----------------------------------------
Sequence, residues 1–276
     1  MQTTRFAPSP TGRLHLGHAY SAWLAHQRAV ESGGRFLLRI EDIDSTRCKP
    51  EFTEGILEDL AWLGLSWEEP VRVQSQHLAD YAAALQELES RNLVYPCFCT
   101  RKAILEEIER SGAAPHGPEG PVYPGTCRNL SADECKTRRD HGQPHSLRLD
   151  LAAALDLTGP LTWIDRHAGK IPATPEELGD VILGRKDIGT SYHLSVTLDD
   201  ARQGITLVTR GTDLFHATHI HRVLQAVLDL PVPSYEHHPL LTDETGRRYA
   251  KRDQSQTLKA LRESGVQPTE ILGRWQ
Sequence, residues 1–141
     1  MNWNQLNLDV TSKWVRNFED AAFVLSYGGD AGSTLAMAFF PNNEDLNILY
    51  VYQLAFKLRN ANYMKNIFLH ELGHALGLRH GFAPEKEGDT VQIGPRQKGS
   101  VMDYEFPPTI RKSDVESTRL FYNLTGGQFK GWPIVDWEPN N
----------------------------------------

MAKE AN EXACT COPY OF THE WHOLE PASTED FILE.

Sequence, residues 1–276
     1  MQTTRFAPSP TGRLHLGHAY SAWLAHQRAV ESGGRFLLRI EDIDSTRCKP
    51  EFTEGILEDL AWLGLSWEEP VRVQSQHLAD YAAALQELES RNLVYPCFCT
   101  RKAILEEIER SGAAPHGPEG PVYPGTCRNL SADECKTRRD HGQPHSLRLD
   151  LAAALDLTGP LTWIDRHAGK IPATPEELGD VILGRKDIGT SYHLSVTLDD
   201  ARQGITLVTR GTDLFHATHI HRVLQAVLDL PVPSYEHHPL LTDETGRRYA
   251  KRDQSQTLKA LRESGVQPTE ILGRWQ
Sequence, residues 1–141
     1  MNWNQLNLDV TSKWVRNFED AAFVLSYGGD AGSTLAMAFF PNNEDLNILY
    51  VYQLAFKLRN ANYMKNIFLH ELGHALGLRH GFAPEKEGDT VQIGPRQKGS
   101  VMDYEFPPTI RKSDVESTRL FYNLTGGQFK GWPIVDWEPN N